CYA also provides value via associations with renowned research institutions like the American School of Classical Studies in Athens, the British School of Archaeology, ELIAMEP and IOBE, the respected foreign policy and economics think tank, respectively. Students get internships there and in the private sector, and they have access to the schools’ libraries.
Phylactopoulos is very proud that CYA also promotes volunteer work and community service. “Our nine new students will spend a day cleaning beaches as part of their environmental classes.”
The 10,000 alumni are major asset of the school – and of Greece. “They become spiritual friends of Greece because of the fact that they studied here. When you study in another country at such sensitive ages you become a friend of that country for life. Proof of this is that many of our alumni are pursuing careers in matters related to Hellenism – close to 300 active professors in the U.S. received their baptism in Hellenism at CYA.”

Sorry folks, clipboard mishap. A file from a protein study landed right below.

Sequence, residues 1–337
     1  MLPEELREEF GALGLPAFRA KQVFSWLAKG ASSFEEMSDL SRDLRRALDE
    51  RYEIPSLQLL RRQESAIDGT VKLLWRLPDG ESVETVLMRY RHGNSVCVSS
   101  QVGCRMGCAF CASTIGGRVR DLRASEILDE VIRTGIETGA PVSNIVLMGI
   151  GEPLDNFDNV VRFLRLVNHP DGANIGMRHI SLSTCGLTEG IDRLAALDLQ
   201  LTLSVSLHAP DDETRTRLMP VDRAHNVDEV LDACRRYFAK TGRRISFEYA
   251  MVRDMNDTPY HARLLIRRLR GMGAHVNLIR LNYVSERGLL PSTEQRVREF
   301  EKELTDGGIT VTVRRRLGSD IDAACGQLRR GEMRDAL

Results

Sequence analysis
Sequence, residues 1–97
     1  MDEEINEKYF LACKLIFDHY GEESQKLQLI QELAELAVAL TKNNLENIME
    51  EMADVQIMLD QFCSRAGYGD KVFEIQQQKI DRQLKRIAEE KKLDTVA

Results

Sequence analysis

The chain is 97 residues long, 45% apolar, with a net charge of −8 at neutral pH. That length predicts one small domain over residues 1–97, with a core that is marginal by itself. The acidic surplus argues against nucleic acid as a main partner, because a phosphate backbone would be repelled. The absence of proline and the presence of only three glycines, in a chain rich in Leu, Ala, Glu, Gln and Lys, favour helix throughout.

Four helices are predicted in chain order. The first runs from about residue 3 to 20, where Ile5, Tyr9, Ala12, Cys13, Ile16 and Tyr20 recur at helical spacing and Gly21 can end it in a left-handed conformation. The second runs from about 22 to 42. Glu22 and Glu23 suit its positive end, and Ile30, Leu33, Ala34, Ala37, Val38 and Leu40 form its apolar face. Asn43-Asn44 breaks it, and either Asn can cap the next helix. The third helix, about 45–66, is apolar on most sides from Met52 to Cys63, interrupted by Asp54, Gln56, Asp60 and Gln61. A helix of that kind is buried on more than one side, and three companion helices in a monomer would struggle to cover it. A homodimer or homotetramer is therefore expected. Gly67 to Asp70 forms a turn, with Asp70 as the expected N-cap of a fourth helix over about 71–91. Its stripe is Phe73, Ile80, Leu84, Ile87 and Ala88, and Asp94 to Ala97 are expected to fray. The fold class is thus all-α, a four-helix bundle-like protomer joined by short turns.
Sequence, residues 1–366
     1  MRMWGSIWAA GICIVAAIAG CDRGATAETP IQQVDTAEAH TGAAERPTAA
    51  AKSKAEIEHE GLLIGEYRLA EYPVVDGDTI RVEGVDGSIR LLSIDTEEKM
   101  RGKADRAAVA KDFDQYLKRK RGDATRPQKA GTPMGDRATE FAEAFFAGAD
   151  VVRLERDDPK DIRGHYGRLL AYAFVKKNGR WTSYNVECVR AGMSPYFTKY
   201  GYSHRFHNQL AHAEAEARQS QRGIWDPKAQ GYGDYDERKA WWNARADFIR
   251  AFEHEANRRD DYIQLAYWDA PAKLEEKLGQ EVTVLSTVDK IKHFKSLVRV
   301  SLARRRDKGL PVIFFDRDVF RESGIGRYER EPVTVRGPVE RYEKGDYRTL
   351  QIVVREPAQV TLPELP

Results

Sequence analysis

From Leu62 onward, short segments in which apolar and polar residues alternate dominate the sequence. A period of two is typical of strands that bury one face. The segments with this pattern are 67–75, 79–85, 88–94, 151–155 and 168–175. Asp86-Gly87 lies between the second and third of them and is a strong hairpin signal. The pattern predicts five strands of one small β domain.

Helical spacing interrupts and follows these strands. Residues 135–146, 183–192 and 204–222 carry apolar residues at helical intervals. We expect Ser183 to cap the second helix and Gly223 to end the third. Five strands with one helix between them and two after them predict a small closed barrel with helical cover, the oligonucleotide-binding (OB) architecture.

This fall, CYA initiated its brand new Gap Year Program with the invitation: “Escape the virtual, go real in Greece.” It provides a special experience to students who choose to place a year between high school and college.
Visit cyathens.org, cyablog.net, and facebook.com/cyathens.